The center of the large Anthelion (ANT) radiant is currently located at 21:08 (317) -16. This position lies in central Capricornus, only 1 degree northeast of the 4th magnitude star known as Dorsum (theta Capricorni). Due to the large size of this radiant, anthelion activity may also appear from western Aquarius as well as Capricornus. This radiant is best placed near 0100 (LST), when it lies on the meridian and is located highest in the sky. Rates at this time should be near 2 per hour as seen from mid-northern latitudes (45 N) and 3 per hour as seen from southern tropics (S 25). With an entry velocity of 30 km/sec., the average anthelion meteor would be of slow velocity.

The Northern delta Aquariids (NDA) are active from July 23 through August 27. The radiant is currently located at 22:07 (332) -04. This position is located in northern Aquarius, 4 degrees south of the 3rd magnitude star known as Sadalmelik (alpha Aquarii). Maximum activity is not expected until August 14, so hourly rates will low at this time. The radiant is best placed near 0200 LST, when it lies highest in the sky. With an entry velocity of 38 km/sec., these meteors would be of medium velocities. This shower seems to be a continuation of the Northern June Aquilids, which had been active since early June.

The Southern Delta Aquariids (SDA) are active from a radiant located at 22:34 (339) -17. This position is located in southwestern Aquarius, 4 degrees southwest of the 3rd magnitude star known as Skat (delta Aquarii). Maximum activity is expected on July 30th. Current (July 28th) hourly rates will depend on your latitude. Those viewing from the southern tropics will see the best rates of near 15 per hour. Rates seen from mid-northern latitudes will range from 5-10 per hour, depending on the haziness of your skies. The radiant rises near 21:00 LST for observers located in the southern tropics, but is best placed near 0200 LST, when it lies highest in the sky. With an entry velocity of 41 km/sec., most activity from this radiant would be of average velocities.

The Piscids Austrinids (PAU) are an obscure shower, not well seen from the northern hemisphere. Recent studies by the IMO Video Network shows little activity. Other studies have indicated that this shower is active later than previously thought. We will go along with that idea until more information is available. It is now thought that this radiant is active from July 31 through August 19, with maximum activity occurring on the 9th. Using these parameters, the current position of the radiant would be 22:52 (343) -25. This area of the sky is located in northeastern Piscis Austrinus, 4 degrees north of the bright 1st magnitude star known as Fomalhaut (alpha Piscis Austrini). The radiant is best placed near 0300 LST, when it lies highest in the sky. Current rates would most likely be less than 1 per hour, no matter your location. With an entry velocity of 44km/sec., most activity from this radiant would be of average velocities.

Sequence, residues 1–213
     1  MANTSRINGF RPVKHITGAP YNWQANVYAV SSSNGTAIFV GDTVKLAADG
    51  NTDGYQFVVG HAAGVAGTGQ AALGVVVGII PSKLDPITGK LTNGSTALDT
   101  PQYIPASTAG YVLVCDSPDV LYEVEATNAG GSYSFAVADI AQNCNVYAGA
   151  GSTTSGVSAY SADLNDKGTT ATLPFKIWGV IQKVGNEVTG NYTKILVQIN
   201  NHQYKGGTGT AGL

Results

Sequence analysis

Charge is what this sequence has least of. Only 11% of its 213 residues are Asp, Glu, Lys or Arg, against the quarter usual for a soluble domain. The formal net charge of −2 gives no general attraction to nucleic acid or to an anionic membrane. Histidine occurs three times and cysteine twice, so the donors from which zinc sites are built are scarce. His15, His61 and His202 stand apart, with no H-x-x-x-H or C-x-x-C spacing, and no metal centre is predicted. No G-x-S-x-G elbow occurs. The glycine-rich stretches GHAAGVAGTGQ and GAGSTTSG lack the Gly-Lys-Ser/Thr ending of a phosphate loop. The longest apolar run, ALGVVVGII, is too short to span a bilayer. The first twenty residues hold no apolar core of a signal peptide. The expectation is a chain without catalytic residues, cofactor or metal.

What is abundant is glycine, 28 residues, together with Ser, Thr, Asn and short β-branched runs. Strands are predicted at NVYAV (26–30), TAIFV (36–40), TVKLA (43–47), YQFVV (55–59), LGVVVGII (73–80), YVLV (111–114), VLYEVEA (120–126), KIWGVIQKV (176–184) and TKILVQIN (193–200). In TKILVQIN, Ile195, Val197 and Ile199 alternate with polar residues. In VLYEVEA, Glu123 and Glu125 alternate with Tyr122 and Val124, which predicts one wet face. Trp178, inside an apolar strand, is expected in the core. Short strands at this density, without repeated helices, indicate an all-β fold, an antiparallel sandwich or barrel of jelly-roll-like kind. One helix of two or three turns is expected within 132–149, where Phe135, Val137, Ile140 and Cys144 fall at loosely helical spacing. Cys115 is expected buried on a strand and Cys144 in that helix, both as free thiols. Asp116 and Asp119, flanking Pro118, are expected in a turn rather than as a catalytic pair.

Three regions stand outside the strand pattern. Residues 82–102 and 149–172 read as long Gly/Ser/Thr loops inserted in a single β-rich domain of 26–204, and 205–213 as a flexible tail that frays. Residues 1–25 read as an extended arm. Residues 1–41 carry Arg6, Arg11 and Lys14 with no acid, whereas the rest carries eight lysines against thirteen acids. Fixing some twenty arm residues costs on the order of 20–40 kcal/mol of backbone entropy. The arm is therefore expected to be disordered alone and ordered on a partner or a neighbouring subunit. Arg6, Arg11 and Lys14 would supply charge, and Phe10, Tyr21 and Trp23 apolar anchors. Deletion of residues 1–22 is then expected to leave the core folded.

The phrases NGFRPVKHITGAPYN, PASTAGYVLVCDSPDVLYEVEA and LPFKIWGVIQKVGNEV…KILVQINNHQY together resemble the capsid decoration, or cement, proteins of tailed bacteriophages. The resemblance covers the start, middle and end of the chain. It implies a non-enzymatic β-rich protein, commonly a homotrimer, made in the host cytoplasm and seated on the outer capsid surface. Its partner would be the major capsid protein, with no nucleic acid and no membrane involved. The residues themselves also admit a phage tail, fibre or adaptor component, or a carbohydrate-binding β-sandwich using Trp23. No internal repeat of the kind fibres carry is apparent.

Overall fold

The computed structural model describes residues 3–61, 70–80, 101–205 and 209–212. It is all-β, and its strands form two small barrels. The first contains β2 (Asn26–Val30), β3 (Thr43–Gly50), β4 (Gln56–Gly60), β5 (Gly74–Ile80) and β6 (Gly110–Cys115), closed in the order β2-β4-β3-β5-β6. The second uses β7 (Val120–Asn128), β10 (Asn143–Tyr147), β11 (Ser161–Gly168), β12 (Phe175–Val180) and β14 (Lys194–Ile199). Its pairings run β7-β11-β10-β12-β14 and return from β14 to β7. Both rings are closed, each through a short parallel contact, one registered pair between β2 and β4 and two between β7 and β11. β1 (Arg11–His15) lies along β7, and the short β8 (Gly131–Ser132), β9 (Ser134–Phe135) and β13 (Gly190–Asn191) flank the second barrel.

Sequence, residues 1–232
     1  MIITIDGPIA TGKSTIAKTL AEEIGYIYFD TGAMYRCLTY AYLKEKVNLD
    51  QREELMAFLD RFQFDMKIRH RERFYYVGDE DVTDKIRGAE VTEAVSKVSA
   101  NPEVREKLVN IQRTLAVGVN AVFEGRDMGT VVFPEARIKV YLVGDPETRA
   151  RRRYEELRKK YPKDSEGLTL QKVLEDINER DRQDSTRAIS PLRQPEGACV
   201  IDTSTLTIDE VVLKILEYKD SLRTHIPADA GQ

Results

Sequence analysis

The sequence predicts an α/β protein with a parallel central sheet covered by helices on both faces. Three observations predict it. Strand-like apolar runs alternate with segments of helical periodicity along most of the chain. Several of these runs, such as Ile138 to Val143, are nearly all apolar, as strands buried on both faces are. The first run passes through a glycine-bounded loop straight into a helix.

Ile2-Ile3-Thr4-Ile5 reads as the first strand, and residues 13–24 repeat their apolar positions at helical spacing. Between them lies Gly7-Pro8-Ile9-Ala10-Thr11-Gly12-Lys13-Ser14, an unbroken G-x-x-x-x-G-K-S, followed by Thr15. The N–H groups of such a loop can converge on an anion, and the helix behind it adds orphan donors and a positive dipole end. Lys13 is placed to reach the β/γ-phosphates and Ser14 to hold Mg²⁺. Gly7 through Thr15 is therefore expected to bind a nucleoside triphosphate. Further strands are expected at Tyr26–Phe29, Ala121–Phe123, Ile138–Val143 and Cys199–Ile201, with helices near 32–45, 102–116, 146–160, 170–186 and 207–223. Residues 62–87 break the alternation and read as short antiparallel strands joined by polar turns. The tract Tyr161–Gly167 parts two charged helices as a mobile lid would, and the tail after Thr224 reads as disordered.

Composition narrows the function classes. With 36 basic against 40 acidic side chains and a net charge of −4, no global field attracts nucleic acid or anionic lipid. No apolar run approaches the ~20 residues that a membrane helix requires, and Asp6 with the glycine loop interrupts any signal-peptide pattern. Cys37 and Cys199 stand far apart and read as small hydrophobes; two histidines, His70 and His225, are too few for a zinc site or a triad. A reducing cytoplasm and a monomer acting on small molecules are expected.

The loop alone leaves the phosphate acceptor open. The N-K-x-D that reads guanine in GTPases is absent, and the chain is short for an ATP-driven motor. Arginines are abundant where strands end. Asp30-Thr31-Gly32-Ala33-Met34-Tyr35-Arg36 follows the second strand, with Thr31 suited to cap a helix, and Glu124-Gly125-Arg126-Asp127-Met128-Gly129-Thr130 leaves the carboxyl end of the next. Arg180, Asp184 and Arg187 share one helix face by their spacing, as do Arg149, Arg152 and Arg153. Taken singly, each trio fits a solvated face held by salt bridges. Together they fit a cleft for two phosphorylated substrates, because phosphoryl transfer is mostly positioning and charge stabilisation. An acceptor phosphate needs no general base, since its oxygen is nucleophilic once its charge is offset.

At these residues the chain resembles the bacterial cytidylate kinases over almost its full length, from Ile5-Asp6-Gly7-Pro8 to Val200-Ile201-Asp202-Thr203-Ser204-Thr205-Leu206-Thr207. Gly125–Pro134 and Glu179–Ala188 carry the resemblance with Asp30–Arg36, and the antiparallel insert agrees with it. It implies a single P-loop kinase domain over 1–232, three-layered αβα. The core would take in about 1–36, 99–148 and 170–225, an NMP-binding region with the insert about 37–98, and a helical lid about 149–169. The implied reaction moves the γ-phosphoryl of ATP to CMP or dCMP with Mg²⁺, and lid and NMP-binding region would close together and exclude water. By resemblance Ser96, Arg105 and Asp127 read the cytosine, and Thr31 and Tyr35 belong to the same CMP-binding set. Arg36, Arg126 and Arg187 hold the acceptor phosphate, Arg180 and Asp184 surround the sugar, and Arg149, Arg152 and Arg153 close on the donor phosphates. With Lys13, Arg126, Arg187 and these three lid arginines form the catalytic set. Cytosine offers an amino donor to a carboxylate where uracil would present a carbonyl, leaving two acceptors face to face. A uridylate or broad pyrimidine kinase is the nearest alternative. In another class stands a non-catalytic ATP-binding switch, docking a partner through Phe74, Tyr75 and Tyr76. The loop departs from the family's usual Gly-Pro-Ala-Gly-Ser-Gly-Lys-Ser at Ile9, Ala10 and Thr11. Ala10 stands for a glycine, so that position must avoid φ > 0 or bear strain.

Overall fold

The July Pegasids (JPE) have been noticed for some time now but have had a checkered history. It has been added, dropped, and then re-added to several radiant lists. Video studies within the past 10 years have positively identified this source as an active radiant during the entire month of July. Maximum activity occurs on July 10th. The radiant is currently located at 00:11 (003) +15. This area of the sky is located in southern Pegasus, 2 degrees west of the 3rd magnitude star known as Algenib (gamma Pegasi). This radiant is best placed near 0400 LST, when it lies on the meridian and is located highest in the sky. Rates are expected to be less than 1 per hour this week no matter your location. With an entry velocity of 68 km/sec., the average meteor from this source would be of swift velocity.

The Perseids (PER) are active from a radiant located at 01:40 (025) +54. This position lies in extreme western Perseus, 10 degrees southeast of the 2nd magnitude star known as Schedar (alpha Cassiopeiae). This area of the sky is best placed for viewing during the last dark hour before dawn when it lies highest in the sky. Maximum is not until August 13 so current rates are expected to be near 3 per hour as seen from the northern hemisphere and 1 as seen from south of the equator. Unfortunately these meteors are not well seen from the southern hemisphere. With an entry velocity of 59 km/sec., the average meteor from this source would be of swift velocity.